Category Archives: General

Markets on Fire Sale

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Greetings from PenguWIN

A fire sale is a sale of assets at heavily discounted prices. Here, I am referring to the sale of stocks in the market as though all businesses are closing down. Initial reports from the World Health Organization said that the death rate is between 3 to 4%, the rate being higher for 60+. Older people and those with respiratory problems, heart disease or diabetes are at greater risk. There are other sources from websites to news channels quoting death rates as low as 1%. Immunity among healthy young people seems to be high.

The impact of this Corona Virus pandemic seems to be accentuated by today’s social media like never before, with people overreacting by buying too much retail household stuff, thereby creating shortage and panic.

I am sure many of you who have invested in equity funds would be going through anxiety. However, this is a black swan event that no one can predict. We have had such events in the past including the Dotcom bubble, Ketan Parekh scam, 2008 financial crisis and every time the market has bounced back sharply and reached greater heights. These events have occurred in the past and will continue to occur in the future too. It’s just that we will not be able to predict when and the magnitude of it.

My request to you is that you stay away from monitoring the portfolio during tough times like these. The dip in your portfolios is ephemeral and will not affect your long-term goals unless you have invested money required in the near term in Equity Funds. Another blunder that people commit is to panic and sell their funds. If you have the conviction, this is the best time to be greedy and invest more (rather than sell and incur a loss). Personally, I have done this in the past and doing it now too. This does not work for all investors, especially people who have never faced a crash like this.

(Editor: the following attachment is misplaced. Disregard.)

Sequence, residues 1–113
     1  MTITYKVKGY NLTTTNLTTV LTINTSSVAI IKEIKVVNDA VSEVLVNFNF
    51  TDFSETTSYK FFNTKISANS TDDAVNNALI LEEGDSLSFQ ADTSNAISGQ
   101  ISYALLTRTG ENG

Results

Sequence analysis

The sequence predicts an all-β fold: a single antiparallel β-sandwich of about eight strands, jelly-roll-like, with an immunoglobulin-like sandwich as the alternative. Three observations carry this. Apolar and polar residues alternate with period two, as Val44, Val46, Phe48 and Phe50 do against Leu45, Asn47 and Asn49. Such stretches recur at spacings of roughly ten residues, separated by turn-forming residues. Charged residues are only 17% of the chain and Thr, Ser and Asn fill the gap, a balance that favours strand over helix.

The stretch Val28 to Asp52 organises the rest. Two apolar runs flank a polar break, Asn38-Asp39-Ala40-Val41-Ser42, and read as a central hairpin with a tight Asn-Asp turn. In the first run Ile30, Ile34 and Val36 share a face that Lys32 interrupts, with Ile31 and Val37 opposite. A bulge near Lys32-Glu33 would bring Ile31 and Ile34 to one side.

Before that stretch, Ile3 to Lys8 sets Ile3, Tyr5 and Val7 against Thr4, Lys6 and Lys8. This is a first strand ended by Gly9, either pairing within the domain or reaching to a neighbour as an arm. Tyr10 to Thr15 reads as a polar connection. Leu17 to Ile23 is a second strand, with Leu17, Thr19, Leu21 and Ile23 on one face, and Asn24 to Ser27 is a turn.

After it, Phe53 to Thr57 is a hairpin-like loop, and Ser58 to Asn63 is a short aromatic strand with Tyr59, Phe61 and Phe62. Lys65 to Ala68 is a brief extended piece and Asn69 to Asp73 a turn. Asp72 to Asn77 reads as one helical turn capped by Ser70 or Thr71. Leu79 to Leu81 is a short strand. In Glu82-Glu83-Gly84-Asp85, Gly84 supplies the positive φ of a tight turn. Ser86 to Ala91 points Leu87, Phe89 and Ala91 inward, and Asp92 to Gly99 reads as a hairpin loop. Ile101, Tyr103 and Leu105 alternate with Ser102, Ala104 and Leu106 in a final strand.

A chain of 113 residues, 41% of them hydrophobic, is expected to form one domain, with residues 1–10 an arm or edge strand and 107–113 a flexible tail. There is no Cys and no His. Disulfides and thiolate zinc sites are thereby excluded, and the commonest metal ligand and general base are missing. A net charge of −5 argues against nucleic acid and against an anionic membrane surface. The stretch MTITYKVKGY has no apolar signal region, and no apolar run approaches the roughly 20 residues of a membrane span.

If you have any specific questions on your portfolio, please write to me or call me and I will be glad to assist. Both humanity and markets have withstood a lot of calamities and have seen that problems are temporary and progress is permanent

<Blog # PenguWIN 1074 – Markets on Fire Sale>

Stay the course, Equities will deliver

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Greetings from PenguWIN:

PenguWIN wishes you a wonderful Vinayagar Chaturthi !!!

Greetings

There is a sense of negativity in the market with investors doubting whether Indian Equities as an asset class has lost its mojo. Returns from lumpsum investments done 3 years ago, SIPs that are 4 to 5 years old are close to zero or even negative.

Will Indian Equities Deliver? The answer is a resounding “Yes”, Stay the course and Equities will deliver. As long as businesses thrive and make profits (Automobile sector woes are a passing phenomenon), you can be rest assured that equity investments will be able to deliver higher returns than any other asset class as picturised below.

Instead of being verbose I have attached charts based on actual data that will help increase your confidence level and conviction in equity. I have picked funds that have a minimum of 10 years history and not the best performers (to make the charts look better)